Rushing through means forgoing the opportunity to lounge around in the coin-filled floating oasis hidden atop level 2-4. It means not stopping to swim in the floating waterfalls of World 4, or appreciating the random Cheep-Cheep that bounces between icy puddles in World 6. It means not spending a half hour and dozens of lives trying to collect 78 coins in level 6-7 to get that white mushroom house with the near-worthless anchor (an meta-goal that predated the Xbox 360's Achievement system by at least 15 years).
Rushing through meant missing out on Kuribo's Shoe, gaming's equivalent of the Girl Scout cookie. Found exclusively in level 5-3, the Shoe is a tasty treat, but its abilities are relatively plain. The frog suit provides the same high jumping and awkward forward movement, after all, while a fire flower can just as easily dispose of those Spinies and Piranha plants that Kuribo's-shoe-equipped players just can't seem to get enough of jumping on.
But, like Girl Scout cookies, we revel in the experience of the shoe because we don't know when we're going to get to experience its uniqueness again. Just getting to level 5-3, even with warp whistles, is a process that takes ten minutes or so for most Super Mario Bros. 3 players, and once the level's complete you can't climb in that shoe without starting the entire world over. Later, save-file-equipped re-releases might change that equation, but the sheer ephemeral nature of each level in the original Super Mario Bros. 3 made it an experience you wanted to savor before it was gone for good.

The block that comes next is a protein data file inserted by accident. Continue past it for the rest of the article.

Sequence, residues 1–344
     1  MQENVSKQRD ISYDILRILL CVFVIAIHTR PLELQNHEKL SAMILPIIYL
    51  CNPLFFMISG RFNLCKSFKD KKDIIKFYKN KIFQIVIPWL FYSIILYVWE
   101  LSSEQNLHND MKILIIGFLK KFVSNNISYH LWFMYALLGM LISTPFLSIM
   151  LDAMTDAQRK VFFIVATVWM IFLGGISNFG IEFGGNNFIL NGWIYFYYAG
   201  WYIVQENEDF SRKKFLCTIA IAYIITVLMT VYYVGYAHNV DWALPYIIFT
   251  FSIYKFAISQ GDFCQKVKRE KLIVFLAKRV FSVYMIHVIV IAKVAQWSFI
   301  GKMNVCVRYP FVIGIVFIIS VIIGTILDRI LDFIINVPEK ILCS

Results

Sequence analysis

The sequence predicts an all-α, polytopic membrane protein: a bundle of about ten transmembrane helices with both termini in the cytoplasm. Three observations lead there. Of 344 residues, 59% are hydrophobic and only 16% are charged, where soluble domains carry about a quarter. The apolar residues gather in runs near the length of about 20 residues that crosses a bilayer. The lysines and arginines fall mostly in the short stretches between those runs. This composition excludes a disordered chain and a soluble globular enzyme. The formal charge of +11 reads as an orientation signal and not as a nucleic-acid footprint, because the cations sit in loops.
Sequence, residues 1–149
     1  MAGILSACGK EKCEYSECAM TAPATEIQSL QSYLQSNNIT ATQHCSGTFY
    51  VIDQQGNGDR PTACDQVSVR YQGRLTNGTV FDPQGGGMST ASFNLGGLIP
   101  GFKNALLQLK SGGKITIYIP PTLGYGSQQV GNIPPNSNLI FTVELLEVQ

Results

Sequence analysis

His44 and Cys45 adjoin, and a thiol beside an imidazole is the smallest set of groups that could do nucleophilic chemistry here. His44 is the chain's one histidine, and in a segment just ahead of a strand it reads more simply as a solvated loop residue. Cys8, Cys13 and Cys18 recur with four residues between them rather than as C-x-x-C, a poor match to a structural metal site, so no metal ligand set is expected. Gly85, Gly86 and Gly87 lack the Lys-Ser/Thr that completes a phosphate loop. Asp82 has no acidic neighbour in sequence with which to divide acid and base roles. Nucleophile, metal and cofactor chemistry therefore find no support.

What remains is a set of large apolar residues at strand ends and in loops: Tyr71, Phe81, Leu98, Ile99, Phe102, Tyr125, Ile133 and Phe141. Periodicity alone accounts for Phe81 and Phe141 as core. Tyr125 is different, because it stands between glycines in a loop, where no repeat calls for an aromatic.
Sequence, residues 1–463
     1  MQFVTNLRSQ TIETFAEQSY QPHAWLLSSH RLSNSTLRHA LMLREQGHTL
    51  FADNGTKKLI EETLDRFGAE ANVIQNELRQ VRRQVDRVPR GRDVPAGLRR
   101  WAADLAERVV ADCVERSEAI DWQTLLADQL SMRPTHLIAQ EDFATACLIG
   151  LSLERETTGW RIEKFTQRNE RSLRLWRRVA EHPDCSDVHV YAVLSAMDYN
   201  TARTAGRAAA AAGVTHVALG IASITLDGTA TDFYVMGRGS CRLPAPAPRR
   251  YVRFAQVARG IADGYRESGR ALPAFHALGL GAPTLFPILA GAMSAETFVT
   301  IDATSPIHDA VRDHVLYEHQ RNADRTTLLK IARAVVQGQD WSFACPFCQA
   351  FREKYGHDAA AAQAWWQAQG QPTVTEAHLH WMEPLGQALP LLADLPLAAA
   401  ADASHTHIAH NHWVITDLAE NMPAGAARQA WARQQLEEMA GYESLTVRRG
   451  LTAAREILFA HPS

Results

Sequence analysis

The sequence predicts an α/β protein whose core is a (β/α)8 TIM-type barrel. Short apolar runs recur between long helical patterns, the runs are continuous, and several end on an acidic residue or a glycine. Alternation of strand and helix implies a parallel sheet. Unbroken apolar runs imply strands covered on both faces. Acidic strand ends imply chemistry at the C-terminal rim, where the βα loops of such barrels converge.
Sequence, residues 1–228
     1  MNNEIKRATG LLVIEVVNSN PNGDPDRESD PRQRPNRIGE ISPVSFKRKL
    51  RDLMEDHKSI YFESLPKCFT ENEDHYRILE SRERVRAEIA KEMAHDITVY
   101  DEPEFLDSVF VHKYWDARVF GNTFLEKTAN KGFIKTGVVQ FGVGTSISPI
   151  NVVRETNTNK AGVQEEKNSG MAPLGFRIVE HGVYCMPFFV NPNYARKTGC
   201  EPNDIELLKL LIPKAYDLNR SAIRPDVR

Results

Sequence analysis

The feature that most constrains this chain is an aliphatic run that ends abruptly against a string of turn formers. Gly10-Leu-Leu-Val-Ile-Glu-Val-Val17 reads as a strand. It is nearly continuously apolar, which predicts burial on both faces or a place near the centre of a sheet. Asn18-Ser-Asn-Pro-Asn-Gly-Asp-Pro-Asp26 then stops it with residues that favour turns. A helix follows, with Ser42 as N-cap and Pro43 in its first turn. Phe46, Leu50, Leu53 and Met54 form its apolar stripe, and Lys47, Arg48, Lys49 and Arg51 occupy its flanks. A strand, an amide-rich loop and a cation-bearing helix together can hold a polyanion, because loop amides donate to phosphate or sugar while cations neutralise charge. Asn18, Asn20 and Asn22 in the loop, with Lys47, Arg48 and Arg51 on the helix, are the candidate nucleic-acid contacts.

Which brings us back to that escaping chain chomp. The more I think about it, the more I think that broken chain was a part of a conscious effort by the developers to pack the title with as many unexpected, memorable moments as possible. I think of it as part of a pattern of design decisions intended to impart to the player that nothing in Super Mario Bros. 3 is necessarily what it seems. Here is a world where what's coming around the next corner might not be like what was around the last one, but it'll definitely be worth seeing.
To me, that broken chain represents the Mario team breaking free of the genre conventions they themselves had created, and pledging to ensure a Mario player can take nothing for granted.
Kyle Orland is a freelance journalist with over ten years of experience writing about games and the issues surrounding them. He's giving even odds that Kuribo's Shoe will be in the upcoming 3DS Mario game.